By the end of this course you will be able to:

1. Speak at length about familiar topics in Modern Persian,

2. Understand complex texts on familiar topics, especially those from news media and on-line sources,

3. Understand authentic materials by identifying the main ideas and focusing on the information within reach,

4. Listen to short news excerpts and comprehend the main points,

5. Writing essays and critically engage topics related to the class,

6. Pronounce Persian words with accuracy,

7. A broader understanding of how to engage in the historical and cultural contexts in which Persian is used, and

8. Expanded your languge capabilities and skills for life-long learning.

 

Course Materials

To be provided by instructor.

 

Course Requirements and Grading

Attendance & Participation 15%

Weeklywritingassignments 30%

Assigment Corrections 10%

Periodical Quizes (3x) 15%

Presentations (2x) 10%

Final Exam Project 15%

Oral Profeciency Test 5%

May vary by instructor each semester.

PRS 381L • Intmed Grad Lang Instructn II

42125 • Spring 2013
Meets MWF 1000am-1100am UTC 4.120
(also listed as PRS 322L )
show description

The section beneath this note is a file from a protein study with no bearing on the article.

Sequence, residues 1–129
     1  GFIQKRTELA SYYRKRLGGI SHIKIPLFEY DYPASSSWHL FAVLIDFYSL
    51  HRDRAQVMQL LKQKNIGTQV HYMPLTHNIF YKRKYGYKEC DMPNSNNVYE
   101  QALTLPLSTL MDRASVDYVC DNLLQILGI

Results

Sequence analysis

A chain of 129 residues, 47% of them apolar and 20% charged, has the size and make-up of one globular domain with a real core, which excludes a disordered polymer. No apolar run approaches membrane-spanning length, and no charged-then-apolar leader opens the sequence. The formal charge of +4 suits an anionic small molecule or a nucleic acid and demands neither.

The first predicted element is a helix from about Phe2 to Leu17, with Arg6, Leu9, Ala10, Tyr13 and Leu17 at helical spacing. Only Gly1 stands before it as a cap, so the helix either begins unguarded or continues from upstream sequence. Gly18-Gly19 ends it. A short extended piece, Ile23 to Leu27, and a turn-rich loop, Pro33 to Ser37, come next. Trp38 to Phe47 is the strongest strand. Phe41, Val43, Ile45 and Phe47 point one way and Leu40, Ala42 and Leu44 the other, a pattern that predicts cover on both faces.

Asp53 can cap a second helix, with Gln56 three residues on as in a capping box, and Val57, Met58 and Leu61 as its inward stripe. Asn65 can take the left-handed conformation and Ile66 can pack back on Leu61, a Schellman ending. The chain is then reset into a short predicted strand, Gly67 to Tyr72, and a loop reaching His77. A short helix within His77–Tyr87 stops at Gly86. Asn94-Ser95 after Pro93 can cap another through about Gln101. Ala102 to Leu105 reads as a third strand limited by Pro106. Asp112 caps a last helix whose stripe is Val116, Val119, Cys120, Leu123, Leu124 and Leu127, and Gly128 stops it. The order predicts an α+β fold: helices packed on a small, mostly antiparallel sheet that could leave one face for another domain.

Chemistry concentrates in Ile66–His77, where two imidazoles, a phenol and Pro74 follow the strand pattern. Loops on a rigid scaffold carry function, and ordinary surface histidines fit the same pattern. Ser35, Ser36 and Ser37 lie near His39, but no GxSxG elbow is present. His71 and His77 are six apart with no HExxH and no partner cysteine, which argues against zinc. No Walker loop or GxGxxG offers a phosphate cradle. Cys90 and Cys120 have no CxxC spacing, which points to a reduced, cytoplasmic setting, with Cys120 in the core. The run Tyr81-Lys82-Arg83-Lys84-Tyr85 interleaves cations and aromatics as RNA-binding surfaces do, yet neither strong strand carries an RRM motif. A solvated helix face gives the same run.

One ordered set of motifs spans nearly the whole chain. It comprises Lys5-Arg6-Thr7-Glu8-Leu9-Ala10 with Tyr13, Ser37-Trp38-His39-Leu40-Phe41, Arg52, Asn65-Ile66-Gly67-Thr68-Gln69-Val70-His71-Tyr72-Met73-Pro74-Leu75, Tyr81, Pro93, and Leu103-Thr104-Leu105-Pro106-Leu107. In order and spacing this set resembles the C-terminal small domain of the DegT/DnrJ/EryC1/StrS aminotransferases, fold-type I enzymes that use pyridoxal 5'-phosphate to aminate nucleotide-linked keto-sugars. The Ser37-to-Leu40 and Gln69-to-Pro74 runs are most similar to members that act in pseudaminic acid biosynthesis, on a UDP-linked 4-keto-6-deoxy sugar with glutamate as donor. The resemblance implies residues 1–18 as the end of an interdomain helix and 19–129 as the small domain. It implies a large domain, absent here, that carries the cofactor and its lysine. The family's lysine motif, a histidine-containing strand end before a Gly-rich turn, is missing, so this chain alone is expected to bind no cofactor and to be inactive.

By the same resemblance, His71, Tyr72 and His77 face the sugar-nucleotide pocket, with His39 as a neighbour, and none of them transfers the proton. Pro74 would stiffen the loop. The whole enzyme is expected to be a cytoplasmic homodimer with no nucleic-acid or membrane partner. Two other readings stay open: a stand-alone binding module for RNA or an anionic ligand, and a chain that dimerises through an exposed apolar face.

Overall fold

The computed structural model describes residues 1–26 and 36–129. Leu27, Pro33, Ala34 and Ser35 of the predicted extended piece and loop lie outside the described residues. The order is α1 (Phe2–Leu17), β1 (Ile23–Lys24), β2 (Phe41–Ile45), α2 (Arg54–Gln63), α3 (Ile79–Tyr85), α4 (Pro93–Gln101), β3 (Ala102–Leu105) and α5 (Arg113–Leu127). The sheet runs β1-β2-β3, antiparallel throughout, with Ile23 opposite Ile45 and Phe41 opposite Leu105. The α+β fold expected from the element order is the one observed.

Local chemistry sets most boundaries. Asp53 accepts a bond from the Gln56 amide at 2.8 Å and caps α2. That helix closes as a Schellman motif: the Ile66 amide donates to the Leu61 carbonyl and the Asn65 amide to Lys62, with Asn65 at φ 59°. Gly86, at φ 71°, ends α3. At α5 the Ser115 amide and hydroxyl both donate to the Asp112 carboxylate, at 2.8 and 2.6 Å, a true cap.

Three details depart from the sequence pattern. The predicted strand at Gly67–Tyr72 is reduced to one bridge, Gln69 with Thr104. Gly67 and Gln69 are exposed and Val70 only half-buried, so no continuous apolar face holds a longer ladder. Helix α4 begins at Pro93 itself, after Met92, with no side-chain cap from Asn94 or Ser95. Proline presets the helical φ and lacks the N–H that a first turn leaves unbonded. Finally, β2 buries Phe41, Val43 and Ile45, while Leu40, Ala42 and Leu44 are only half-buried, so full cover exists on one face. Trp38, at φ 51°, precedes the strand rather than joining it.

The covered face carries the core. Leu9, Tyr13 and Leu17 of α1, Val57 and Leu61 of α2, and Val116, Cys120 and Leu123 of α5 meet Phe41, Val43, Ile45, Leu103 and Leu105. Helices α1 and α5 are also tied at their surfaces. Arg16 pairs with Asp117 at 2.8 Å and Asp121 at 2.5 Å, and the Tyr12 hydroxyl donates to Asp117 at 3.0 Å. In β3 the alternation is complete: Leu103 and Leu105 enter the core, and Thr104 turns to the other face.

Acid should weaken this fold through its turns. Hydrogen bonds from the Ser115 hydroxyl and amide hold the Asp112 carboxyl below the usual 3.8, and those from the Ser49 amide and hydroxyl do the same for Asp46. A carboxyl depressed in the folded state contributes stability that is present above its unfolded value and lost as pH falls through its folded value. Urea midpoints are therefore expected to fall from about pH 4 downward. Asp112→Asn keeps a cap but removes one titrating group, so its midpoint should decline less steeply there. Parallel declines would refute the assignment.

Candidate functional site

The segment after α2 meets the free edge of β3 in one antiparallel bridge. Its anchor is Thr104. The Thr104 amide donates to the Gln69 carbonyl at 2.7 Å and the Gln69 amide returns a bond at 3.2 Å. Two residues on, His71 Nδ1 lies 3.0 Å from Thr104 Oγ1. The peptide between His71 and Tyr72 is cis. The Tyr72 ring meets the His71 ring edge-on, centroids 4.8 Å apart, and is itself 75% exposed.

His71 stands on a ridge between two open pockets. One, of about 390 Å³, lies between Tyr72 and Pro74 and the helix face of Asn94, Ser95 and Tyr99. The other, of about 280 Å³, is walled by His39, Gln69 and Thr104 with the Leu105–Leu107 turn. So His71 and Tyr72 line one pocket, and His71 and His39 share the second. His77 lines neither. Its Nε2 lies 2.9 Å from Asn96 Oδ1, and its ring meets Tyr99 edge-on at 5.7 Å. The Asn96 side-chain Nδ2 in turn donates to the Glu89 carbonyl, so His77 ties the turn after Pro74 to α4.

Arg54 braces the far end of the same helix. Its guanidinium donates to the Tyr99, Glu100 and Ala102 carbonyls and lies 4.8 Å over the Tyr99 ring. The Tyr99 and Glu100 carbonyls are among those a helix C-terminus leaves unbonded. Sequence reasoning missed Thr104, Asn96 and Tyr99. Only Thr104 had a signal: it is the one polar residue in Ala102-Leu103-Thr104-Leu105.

PRS 322L is an intermediate Persian language course which continues to focus on increasing proficiency in the four basic language skills (reading, writing, speaking, and listening) in Persian, as well as developing increased skills and cultural literacy. Students should expect extensive reading as well as practice in self-expression through writing, both of which require approximately three hours of outside preparation for each class. Our teaching philosophy is based on the communicative approach that consists of student-centered, performance-based, and context-oriented language teaching. Therefore, participation is an integral part of the class. You must speak Persian in the class at all times unless given explicit permission by the instructor to use English. Not open to native speakers or heritage learners of Persian.

By the end of this course you will be able to:

1. Speak at length about familiar topics in Modern Persian,

2. Understand complex texts on familiar topics, especially those from news media and on-line sources,

3. Understand authentic materials by identifying the main ideas and focusing on the information within reach,

4. Listen to short news excerpts and comprehend the main points,

5. Writing essays and critically engage topics related to the class,

6. Pronounce Persian words with accuracy,

7. A broader understanding of how to engage in the historical and cultural contexts in which Persian is used, and